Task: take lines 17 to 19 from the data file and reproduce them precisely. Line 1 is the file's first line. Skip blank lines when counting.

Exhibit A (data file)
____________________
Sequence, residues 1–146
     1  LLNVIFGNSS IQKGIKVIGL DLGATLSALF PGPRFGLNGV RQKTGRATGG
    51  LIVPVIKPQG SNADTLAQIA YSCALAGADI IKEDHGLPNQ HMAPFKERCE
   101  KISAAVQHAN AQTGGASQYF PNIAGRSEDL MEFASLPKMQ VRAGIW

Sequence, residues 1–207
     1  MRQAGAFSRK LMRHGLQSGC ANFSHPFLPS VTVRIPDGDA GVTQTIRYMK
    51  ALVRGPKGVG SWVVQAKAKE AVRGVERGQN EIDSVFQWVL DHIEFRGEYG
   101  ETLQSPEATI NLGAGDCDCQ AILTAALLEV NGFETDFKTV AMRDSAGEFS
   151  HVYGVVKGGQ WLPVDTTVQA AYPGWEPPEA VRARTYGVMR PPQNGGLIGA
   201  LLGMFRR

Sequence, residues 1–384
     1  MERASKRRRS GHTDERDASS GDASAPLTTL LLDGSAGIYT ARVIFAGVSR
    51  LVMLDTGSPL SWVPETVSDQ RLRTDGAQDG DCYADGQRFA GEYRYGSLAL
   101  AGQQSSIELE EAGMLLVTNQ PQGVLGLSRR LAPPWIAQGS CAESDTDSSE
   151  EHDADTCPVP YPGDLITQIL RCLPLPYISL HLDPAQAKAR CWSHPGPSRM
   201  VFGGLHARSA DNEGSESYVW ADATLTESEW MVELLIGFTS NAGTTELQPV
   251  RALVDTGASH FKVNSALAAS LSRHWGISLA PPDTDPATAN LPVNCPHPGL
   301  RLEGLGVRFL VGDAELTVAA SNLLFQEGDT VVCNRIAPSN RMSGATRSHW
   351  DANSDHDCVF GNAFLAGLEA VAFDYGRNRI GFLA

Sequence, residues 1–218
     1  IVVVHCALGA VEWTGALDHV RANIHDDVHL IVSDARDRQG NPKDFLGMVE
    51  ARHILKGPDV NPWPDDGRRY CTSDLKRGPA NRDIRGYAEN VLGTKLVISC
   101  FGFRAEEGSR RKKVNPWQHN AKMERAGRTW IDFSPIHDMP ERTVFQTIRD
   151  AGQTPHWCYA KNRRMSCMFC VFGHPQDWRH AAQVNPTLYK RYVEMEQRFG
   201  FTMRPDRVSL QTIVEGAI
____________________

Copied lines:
   251  RALVDTGASH FKVNSALAAS LSRHWGISLA PPDTDPATAN LPVNCPHPGL
   301  RLEGLGVRFL VGDAELTVAA SNLLFQEGDT VVCNRIAPSN RMSGATRSHW
   351  DANSDHDCVF GNAFLAGLEA VAFDYGRNRI GFLA